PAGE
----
This is reposted from HEALTHpopuli, the blog of Jane Sarasohn-Kahn, a health economist and management consultant. Her company, THINK-Health is a strategic health consultancy that serves clients at the intersection of health and technology in the U.S. and Europe.
…and I’m not talking about [youtube=http://www.youtube.com/watch?v=w3PXucLotXk] here (or [youtube=http://www.youtube.com/watch?v=oAjIy3uPmv4]).
Most people (75%) still view phone calls as the communication mode that best bolsters their relationships compared with texting (66%), picture messaging (35%), sharing on social networks (31%), emailing (25%), , and video chatting (9%). U.S. Cellular, the mobile phone company, surveyed 527 customers in April 2013 to learn about how wireless communication can bring “Better Moments” to peoples’ lives. In particular, people say that mobile phones help them:
On July 1, the New York Times published an article by Elisabeth Rosenthal titled, American Way of Birth, Costliest in the World. What the title ignores is that the American way of birth also produces poorer outcomes for mother and baby.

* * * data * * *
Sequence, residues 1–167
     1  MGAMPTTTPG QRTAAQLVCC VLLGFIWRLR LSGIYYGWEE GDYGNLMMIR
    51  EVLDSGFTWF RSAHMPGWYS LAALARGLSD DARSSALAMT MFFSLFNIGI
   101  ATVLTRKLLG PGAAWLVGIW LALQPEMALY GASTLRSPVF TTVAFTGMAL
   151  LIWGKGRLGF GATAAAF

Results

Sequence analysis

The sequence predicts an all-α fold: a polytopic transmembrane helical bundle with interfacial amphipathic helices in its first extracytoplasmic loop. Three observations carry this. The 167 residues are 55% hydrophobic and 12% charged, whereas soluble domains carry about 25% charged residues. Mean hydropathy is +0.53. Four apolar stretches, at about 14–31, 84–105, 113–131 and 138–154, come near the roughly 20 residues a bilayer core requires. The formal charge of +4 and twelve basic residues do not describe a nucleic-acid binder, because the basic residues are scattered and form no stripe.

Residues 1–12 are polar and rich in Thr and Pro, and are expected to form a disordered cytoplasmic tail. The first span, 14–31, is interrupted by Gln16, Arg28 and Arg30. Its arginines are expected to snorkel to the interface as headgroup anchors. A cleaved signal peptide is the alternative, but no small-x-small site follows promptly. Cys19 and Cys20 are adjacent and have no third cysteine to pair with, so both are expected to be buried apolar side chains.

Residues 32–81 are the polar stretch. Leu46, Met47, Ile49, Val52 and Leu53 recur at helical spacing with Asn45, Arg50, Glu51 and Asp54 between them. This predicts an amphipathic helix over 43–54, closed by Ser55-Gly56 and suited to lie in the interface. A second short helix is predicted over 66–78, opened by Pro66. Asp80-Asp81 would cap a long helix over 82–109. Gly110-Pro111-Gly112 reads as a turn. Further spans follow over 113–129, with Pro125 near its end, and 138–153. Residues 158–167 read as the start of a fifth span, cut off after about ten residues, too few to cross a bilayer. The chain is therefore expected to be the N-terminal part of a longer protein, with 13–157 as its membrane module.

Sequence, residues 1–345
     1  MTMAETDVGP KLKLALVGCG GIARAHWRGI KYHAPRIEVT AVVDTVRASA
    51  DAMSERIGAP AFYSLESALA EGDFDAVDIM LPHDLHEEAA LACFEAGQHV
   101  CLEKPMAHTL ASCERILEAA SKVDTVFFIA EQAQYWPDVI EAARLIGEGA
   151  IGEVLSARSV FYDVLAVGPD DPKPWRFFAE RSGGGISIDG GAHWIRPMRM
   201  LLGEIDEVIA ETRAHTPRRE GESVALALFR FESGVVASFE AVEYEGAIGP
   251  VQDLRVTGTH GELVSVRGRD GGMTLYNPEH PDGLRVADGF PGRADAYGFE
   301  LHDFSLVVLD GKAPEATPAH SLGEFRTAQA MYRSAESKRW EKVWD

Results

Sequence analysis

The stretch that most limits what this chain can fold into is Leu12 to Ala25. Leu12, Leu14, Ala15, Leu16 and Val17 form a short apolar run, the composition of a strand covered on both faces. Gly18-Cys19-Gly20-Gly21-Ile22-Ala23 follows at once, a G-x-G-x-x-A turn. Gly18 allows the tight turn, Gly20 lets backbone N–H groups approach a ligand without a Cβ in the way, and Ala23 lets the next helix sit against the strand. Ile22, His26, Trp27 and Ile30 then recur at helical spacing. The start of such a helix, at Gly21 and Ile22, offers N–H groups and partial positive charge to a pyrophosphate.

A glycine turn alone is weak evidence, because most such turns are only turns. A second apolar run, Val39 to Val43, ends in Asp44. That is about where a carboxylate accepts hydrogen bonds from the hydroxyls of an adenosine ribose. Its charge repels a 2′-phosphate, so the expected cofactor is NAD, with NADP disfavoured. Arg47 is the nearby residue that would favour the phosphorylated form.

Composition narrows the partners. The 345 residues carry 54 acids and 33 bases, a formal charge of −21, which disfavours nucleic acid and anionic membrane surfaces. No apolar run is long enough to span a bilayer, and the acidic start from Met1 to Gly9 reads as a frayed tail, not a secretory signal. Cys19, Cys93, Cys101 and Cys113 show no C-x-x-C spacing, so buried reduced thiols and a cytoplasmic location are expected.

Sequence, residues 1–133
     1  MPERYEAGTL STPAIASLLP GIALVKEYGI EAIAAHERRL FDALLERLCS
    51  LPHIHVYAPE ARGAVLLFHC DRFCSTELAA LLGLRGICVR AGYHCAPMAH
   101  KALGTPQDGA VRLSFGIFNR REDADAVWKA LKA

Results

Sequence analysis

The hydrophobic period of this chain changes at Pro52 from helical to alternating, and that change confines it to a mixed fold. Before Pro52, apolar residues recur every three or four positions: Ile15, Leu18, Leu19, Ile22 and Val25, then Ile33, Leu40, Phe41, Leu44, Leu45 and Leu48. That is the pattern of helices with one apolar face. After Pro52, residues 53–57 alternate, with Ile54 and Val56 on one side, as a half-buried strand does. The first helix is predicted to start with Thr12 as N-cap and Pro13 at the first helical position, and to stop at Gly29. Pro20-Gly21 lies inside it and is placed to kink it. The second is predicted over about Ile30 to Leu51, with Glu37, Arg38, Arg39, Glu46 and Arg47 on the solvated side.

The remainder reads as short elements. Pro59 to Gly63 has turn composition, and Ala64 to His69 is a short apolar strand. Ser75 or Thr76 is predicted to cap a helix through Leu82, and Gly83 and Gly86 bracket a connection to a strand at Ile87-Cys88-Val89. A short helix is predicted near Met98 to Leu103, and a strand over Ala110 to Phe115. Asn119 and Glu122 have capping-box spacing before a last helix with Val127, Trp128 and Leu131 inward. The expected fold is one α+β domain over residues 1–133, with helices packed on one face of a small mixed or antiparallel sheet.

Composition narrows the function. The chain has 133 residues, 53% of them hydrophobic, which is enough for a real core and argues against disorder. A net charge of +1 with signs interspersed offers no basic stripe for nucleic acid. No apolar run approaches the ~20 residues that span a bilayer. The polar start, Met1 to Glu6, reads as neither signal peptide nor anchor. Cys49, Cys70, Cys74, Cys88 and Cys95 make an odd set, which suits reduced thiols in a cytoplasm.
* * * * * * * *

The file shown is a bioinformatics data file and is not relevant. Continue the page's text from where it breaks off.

We have overwhelming evidence that childbirthing centers SHOULD be the frontline for maternity care. These centers are usually managed and staffed by nurse midwives and use a midwifery–not an obstetrical–model of care. This model views birth as a life transition; the midwife doesn’t ‘deliver’ the baby but assists the woman in birthing her baby.
While some may argue that this is just a matter of semantics, the language of health care providers ‘delivering’ babies has led to views of the mother as passive participants who are not in control of this powerful event. My mother told me that, for my own birth in the mid-1900s, she was told to cross her legs until the obstetrician could arrive from the golf course and then she was given a general anesthesia and didn’t see me for 24 hours. Some women were restrained, given IVs, and were confined to a bed. No eating or drinking until after the delivery.